UNIDENTIFIED MALE: Ladies and gentlemen, please remain standing for the oath of office followed by musical honors.
JUSTICE SONIA SOTOMAYOR, U.S. SUPREME COURT: Please raise your right hand and repeat after me.
I, Kamala Devi Harris, do solemnly swear --
KAMALA HARRIS, U.S. VICE PRESIDENT-ELECT: I, Kamala Devi Harris, do solemnly swear --
SOTOMAYOR: -- that I will support and defend the Constitution of the United States --
HARRIS: -- that I will support and defend the Constitution of the United States --
SOTOMAYOR: -- against all enemies foreign and domestic --
HARRIS: -- against all enemies foreign and domestic --
SOTOMAYOR: -- that I will bare true faith and allegiance to the same --
HARRIS: -- that I will bear true faith and allegiance to the same --
SOTOMAYOR: -- that I take this obligation freely --
HARRIS: -- that I take this obligation freely --
SOTOMAYOR: -- without any mental reservation or purpose of evasion --
HARRIS: -- without any mental reservation or purpose of evasion --
SOTOMAYOR: -- that I will well and faithfully discharge --
HARRIS: -- that I will well and faithfully discharge --
SOTOMAYOR: -- the duties of the office on which I am about to enter.
HARRIS: -- the duties of the office upon which I am about to enter.
SOTOMAYOR: -- so help me God.
HARRIS: -- so help me God.
UNIDENTIFIED MALE: Ladies and gentlemen, please be seated.
Please welcome Jennifer Lopez to perform this Land is Your Land and America, the Beautiful, accompanied by members of the president's own United States Marine Band.
JENNIFER LOPEZ, AMERICAN ARTIST: This land is your land. This land is my land from California to the New York Island, from the Redwood Forest to the Gulf Stream waters, this land was made for you and me.
As I went walking down that ribbon of highway, I saw above me that endless skyway.
I saw below me that golden valley. This land was made for you and me.
This land o this land, this land was made for you and me. O this land o this land, this land was made for you and me, you and me.
America, America, God shed his grace on thee and crown thy good with brotherhood from sea to shining sea.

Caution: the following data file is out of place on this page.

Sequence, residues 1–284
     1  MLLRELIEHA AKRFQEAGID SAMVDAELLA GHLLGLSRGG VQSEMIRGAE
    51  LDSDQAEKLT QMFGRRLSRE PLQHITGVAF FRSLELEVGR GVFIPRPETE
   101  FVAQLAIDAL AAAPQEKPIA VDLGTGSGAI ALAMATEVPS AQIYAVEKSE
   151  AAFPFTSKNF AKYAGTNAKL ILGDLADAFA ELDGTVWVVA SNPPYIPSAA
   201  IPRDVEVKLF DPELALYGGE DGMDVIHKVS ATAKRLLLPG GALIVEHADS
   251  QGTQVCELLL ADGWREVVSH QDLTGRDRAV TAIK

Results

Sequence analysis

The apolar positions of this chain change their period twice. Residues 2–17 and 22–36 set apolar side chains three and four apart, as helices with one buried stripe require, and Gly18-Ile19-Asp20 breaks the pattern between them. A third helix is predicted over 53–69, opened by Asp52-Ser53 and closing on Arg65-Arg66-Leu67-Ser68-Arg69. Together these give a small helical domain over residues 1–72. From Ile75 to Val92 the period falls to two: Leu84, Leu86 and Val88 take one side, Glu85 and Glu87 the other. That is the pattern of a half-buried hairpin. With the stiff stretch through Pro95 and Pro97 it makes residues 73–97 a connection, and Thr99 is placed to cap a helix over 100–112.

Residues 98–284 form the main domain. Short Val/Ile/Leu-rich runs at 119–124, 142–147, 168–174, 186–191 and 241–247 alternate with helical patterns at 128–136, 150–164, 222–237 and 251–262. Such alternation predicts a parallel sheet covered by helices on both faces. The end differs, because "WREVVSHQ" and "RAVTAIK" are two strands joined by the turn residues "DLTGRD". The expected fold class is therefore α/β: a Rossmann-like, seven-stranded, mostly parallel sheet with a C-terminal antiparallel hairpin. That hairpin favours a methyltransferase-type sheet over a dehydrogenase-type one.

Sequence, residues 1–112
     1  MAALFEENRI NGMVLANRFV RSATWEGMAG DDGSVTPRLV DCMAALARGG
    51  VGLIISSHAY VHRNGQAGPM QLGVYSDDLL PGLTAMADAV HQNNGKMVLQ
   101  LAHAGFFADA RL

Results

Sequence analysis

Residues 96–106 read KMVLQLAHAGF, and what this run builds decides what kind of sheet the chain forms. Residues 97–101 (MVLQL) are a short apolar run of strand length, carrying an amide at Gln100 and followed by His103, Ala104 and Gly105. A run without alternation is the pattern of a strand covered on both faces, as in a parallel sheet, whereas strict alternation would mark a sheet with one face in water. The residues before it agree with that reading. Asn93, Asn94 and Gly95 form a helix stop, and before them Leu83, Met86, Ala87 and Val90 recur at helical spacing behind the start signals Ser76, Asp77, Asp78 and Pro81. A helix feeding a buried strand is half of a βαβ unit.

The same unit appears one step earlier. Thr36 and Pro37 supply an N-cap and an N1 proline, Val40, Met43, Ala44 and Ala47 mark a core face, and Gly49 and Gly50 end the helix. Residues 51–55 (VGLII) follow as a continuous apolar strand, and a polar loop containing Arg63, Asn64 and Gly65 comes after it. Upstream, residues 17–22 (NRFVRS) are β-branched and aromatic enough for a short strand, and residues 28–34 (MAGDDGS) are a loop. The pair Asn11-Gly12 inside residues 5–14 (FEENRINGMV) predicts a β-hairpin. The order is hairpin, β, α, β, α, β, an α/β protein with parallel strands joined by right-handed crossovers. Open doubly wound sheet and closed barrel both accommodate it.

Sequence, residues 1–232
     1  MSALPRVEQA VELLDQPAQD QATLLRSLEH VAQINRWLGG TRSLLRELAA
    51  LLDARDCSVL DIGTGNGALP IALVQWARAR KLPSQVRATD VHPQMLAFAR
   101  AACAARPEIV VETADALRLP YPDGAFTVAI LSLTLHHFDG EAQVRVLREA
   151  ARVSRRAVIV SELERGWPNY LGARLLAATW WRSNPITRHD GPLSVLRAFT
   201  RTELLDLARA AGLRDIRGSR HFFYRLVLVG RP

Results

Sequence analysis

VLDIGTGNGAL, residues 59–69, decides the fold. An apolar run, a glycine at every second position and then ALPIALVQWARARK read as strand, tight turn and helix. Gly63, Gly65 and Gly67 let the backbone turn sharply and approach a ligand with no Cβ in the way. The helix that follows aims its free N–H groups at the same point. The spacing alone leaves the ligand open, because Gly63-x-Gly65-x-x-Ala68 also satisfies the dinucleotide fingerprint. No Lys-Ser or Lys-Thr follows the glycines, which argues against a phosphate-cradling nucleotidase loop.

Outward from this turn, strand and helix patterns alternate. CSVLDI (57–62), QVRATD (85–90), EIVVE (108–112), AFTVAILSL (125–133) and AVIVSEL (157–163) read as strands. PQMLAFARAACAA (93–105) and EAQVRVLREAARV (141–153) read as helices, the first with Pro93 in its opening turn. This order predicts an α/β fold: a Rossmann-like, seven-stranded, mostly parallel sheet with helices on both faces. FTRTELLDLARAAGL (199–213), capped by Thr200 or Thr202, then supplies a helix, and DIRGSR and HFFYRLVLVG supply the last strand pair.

Let's get loud, this land was made for you and me.
KLOBUCHAR: Well, that was great. The sun is shining, and, Mr. President-elect, this is the first inauguration in the history of America where J. Lo was the warm act for Chief Justice Roberts.
With that, it is now my distinct honor to introduce the chief justice of the Supreme Court of the United States, John Roberts, to administer the presidential oath to the next president of the United States, Joseph R. Biden.
UNIDENTIFIED MALE: Ladies and gentlemen, please stand for the oath of office followed by musical honors.
CHIEF JUSTICE JOHN ROBERTS, U.S. SUPREME COURT: Please raise your right hand and repeat after me.
I, Joseph Robinette Biden Jr., do solemnly swear --
JOE BIDEN, U.S. PRESIDENT-ELECT: I, Joseph Robinette Biden Jr., do solemnly swear --
ROBERTS: -- that I will faithfully execute --
BIDEN: -- that I will faithfully execute --
ROBERTS: -- the office of president of the United States --
BIDEN: -- the office of president of the United States --
ROBERTS: -- and will to the best of my ability --
BIDEN: -- and will to the best of my ability --
ROBERTS: -- preserve protect and defend --
BIDEN: -- preserve, protect and defend --
ROBERTS: -- the Constitution of the United States.
BIDEN: -- the Constitution of the United States.
ROBERTS: So help you God.
BIDEN: So help me God.
ROBERTS: Congratulations, Mr. President.
UNIDENTIFIED MALE: Ladies and gentlemen, please be seated. KLOBUCHAR: My fellow Americans, a moment we have all been waiting for, it is now my great privilege and high honor to be the first person to officially introduce the 46th president of the United States, Joseph R. Biden Jr.
ROBERTS: Chief Justice Roberts, Vice President Harris, Speaker Pelosi, Leader Schumer, Leader McConnell, Vice President Pence, my distinguished guests, my fellow Americans, this is America's day. This is democracy's day, a day of history and hope, of renewal and resolve. Through a crucible for the ages, America has been tested anew, and America has risen to the challenge.
Today, we celebrate the triumph not of a candidate but of a cause, the cause of democracy. The people, the will of the people, has been heard, and the will of the people has been heeded. We've learned again that democracy is precious. Democracy is fragile. And at this hour, my friends, democracy has prevailed.